Today’s Opinion: Integrity

POSTED: 06/7/11 2:20 PM

The row over the Central Bank and the integrity of the government in Curacao will remain a hot topic for some time to come. Already now, we see a not so subtle difference in approach between Kingdom Relations Minister Piet Hein Donner and Prime Minister Gerrit Schotte.
Donner is on the ball with a remark he made last week that the integrity of the Central Bank and the government in Curacao are under fire.
Schotte issued a press release saying that an independent committee will investigate what is going on at the Central Bank.
Already it is clear that Schotte will simply ignore the fact that he, together with Finance Minister Jamaloodin and Economic Affairs Minister El Hakim has been accused of malversation. Those accusations don’t come from just anybody; they come from dr. Emsley Tromp, the president of the Central Bank.
From the difference in approach between Donner and Schotte we learn that Curacao’s Prime Minister is not prepared to fight the mess his country is in out in the open. He prefers to focus the attention on anything but himself and his government.
That’s not good of course. Schotte will have to face the music sooner or later, be it at the hands of the office of the public prosecutor, or in the Parliament of Curacao.
When accusations are flying far and wide, and seem to come from all sides, it usually does not take long before everybody has forgotten what the row was about in the first place. By covering up the potential wrongdoings by members of his cabinet, including himself, Schotte does not contribute to a fast and clean solution.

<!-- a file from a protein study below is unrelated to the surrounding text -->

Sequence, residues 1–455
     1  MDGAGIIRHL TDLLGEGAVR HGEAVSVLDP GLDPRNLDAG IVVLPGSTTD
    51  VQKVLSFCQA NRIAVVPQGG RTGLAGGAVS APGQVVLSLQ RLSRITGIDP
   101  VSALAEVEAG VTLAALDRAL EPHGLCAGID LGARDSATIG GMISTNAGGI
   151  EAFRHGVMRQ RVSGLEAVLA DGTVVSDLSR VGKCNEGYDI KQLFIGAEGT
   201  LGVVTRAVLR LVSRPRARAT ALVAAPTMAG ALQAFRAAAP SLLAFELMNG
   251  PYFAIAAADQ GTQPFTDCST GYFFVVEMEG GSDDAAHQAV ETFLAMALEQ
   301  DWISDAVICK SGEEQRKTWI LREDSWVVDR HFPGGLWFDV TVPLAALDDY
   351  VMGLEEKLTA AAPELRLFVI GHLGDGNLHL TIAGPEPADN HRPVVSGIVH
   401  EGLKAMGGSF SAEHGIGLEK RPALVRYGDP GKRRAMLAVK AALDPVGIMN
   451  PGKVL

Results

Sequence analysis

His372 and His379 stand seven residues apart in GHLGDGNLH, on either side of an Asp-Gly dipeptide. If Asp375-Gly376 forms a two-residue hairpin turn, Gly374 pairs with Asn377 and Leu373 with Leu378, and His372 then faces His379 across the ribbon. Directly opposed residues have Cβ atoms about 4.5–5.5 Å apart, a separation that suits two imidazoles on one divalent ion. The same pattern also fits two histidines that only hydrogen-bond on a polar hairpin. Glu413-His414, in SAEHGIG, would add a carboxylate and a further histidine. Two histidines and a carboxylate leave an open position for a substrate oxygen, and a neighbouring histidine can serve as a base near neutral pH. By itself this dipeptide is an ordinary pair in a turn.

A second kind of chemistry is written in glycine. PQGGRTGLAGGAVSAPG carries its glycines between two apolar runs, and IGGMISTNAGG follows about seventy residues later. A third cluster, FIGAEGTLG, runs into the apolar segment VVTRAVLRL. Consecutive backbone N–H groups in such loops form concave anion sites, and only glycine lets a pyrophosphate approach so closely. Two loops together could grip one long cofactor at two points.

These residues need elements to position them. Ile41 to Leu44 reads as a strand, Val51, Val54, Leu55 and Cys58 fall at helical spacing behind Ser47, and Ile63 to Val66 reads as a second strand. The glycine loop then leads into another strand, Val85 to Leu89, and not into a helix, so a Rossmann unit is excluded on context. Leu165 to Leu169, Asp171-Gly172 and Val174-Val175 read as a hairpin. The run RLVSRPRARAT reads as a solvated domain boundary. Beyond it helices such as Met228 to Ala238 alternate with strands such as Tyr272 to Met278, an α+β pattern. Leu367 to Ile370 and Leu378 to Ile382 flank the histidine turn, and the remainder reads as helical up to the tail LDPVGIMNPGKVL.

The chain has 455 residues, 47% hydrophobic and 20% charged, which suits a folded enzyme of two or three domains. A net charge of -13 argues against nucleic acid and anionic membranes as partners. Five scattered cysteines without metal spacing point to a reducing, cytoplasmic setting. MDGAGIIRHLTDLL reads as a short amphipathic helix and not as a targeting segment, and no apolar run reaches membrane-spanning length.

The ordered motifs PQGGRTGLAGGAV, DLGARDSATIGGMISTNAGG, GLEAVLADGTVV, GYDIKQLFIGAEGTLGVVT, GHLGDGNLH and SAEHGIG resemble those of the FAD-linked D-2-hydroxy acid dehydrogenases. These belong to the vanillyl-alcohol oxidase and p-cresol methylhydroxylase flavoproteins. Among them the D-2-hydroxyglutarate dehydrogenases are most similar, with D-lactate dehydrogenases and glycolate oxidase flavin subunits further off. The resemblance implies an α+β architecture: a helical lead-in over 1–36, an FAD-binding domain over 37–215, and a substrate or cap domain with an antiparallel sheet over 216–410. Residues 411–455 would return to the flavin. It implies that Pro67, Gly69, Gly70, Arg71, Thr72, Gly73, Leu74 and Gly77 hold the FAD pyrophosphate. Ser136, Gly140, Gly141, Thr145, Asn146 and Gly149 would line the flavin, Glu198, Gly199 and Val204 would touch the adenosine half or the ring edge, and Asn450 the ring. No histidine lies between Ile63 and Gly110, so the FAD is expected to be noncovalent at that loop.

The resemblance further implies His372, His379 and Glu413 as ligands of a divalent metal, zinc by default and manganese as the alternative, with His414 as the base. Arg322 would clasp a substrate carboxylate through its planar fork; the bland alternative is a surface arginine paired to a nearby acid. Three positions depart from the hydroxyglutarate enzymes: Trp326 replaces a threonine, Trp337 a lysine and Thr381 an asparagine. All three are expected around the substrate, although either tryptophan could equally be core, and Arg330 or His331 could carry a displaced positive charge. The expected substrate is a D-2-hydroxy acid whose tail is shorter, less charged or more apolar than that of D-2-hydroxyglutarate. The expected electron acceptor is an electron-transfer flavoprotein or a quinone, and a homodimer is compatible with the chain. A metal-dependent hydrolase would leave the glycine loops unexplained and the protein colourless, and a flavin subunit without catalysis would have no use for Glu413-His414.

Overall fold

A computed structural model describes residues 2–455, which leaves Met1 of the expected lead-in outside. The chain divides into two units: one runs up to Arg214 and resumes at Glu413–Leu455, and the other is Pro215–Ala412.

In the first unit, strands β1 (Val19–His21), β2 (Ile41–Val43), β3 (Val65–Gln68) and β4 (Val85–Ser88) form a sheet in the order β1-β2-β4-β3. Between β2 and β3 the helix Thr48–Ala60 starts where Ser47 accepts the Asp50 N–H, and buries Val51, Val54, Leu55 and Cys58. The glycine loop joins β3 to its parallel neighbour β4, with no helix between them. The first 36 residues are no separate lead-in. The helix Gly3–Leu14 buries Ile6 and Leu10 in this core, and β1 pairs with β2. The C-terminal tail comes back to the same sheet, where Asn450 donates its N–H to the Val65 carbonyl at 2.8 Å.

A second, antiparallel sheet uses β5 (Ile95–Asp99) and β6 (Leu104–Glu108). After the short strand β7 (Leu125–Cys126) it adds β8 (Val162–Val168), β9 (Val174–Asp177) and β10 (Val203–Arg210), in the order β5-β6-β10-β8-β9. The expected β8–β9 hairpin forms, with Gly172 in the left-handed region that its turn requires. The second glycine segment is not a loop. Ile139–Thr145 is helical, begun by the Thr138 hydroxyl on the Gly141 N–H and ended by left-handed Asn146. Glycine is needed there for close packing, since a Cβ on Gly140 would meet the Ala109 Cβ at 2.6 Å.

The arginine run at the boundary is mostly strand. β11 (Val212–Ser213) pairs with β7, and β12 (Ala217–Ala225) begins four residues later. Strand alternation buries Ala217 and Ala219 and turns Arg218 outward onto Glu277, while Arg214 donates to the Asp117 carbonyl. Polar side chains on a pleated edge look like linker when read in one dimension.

From a political point of view, he has of course nowhere else to go. Attacking is the best defense, as everybody knows, and this rule does not just apply to soccer games. It works in politics as well.
Schotte understands this, and he remains in the public eye, while Central Bank president Tromp seems to be opting for a more stylish approach by keeping his mouth shut.
Donner in the meantime, noted last week (and pay attention to the sequence) that “the integrity and the standing of the government and of the Central Bank of Curacao and St. Maarten have been discredited in a public debate.”
First the government, and then the Central Bank. But in Schotte’s world this is all about the Central Bank and not about his government.
The independent investigation Donner announced will take place at the request of Curacao. We don’t want to get ahead of ourselves here, but we suspect that Curacao as the initiator of the investigation will also get a say in its scope. That could very well mean that it will mostly focus on the Central Bank and that the allegations against Schotte, el Hakim and Jamaloodin will end up as footnotes in the committee’s report.
That would be a mistake. If this investigation is going to take place at all, Schotte’s government ought to take a hands-off approach and let investigators investigate everything that deserves their attention – from the Central Bank and Emsley Tromp to the government of Curacao and the members of its cabinet that have been accused of malversation. Only then will the truth surface and only then will both Curacao and the Central Bank be able to lick their wounds and regroup for the future.

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